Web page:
0-4 months

Startled by sudden or loud sounds. Begins to localize sounds with eyes or head movements.

3-6 months

Shows interest in different sounds and experiments with making own sounds. Seemingly recognizes familiar voices.

6-12 months

Babbles. Begins to understand simple words such as “mummy” and “bye-bye”. Begins to follow simple instructions.

12-18 months

Words begin to form the babble. Can use about 20 words and understands around 50 words.

2 years

Can usually speak in simple sentences using a vocabulary of around 200-300 words. Enjoys being read to and can identify and name many things in picture books.

3-4 years

Uses words and sentences to express needs, questions and feelings. Vocabulary, pronunciation and understanding improve markedly during these years.

Which Hearing Ai Models are Suitable for Children?

Hearing aids must fit precisely to a child's ears in order to work...
optimally. Children have special requirements for hearing aids due to the size and physical changes to their ears as they grow. For young children the behind-the-ear (BTE) type of hearing aids are usually recommended because they are more robust, easier to operate and allow more effective daily removal of earwax. New earmoulds will need to be made as children grow and their ear canals change shape. Hearing aids are available in a variety of bright colors, which most young children prefer. At the time of adolescence, children may prefer more discreet models. This can be a help during teenage years when self-awareness of being “different” can be particularly difficult.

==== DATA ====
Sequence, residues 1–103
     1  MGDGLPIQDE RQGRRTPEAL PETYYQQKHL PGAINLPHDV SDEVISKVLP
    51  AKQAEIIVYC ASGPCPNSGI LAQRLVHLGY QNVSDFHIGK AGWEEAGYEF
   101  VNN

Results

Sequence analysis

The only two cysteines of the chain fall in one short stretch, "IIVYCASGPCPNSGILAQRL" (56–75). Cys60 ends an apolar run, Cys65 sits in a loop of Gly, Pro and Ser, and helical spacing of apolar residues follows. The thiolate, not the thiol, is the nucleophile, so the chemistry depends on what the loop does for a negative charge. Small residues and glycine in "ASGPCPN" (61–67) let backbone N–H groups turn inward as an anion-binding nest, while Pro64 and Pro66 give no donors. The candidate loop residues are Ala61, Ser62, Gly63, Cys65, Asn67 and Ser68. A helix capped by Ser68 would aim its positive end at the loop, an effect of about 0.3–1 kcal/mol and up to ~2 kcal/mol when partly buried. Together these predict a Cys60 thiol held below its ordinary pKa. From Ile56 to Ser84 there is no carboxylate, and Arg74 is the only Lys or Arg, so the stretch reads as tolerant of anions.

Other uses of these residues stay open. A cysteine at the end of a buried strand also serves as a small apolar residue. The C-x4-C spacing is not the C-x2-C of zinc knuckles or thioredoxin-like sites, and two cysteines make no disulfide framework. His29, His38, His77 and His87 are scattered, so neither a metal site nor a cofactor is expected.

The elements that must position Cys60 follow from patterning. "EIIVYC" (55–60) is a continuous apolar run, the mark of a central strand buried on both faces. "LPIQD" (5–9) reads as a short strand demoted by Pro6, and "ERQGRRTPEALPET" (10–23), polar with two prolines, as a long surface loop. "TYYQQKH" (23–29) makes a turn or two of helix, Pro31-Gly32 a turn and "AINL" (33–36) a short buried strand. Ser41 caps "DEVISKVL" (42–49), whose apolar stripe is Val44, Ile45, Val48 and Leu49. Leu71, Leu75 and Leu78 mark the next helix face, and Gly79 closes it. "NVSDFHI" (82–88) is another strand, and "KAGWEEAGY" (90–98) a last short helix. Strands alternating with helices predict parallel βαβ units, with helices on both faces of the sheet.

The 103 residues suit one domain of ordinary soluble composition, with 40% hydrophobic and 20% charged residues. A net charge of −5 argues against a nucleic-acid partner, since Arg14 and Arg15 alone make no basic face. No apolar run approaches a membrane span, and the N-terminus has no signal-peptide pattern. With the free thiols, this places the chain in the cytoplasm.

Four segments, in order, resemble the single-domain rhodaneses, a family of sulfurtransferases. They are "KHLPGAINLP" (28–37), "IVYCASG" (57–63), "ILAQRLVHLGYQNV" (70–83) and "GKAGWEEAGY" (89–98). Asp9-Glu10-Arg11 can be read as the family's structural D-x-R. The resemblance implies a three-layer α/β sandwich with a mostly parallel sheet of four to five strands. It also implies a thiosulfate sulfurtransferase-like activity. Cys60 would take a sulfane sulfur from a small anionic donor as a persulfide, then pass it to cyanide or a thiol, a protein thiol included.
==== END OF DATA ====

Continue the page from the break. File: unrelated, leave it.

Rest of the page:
What Can Hearing Aids Do
for Children?

Hearing aids can help children with a hearing loss to develop...
normal language skills and to participate in school and social activities on equal terms with their friends. Hearing impaired people usually have difficulty distinguishing between speech and noise. This is particularly true with children, as their language is not yet fully developed, making it more difficult to fill in the unheard “gaps” by guessing. So children can benefit greatly from modern hearing aids that are designed to reduce disturbing noise while emphasizing the important sounds, such as speech. If your child has a hearing loss in both ears, it is important that your child is provided with two hearing aids. This binaural hearing aid fitting will make it easier for your child to understand speech in noisy situations.


Children spend much of their time in noisy surroundings such...
as playgroups, classrooms and playgrounds; long-term exposure to loud noise can cause temporary hearing loss, which can develop into a permanent loss.

It is important to minimize the amount of time children are exposed to noise: parents and teachers should make every effort to reduce the noise in children’s surroundings in order to create a good, healthy sound environment.

Help is near

Today there is a wide range of possibilities for helping people...
with hearing loss to optimize their hearing ability.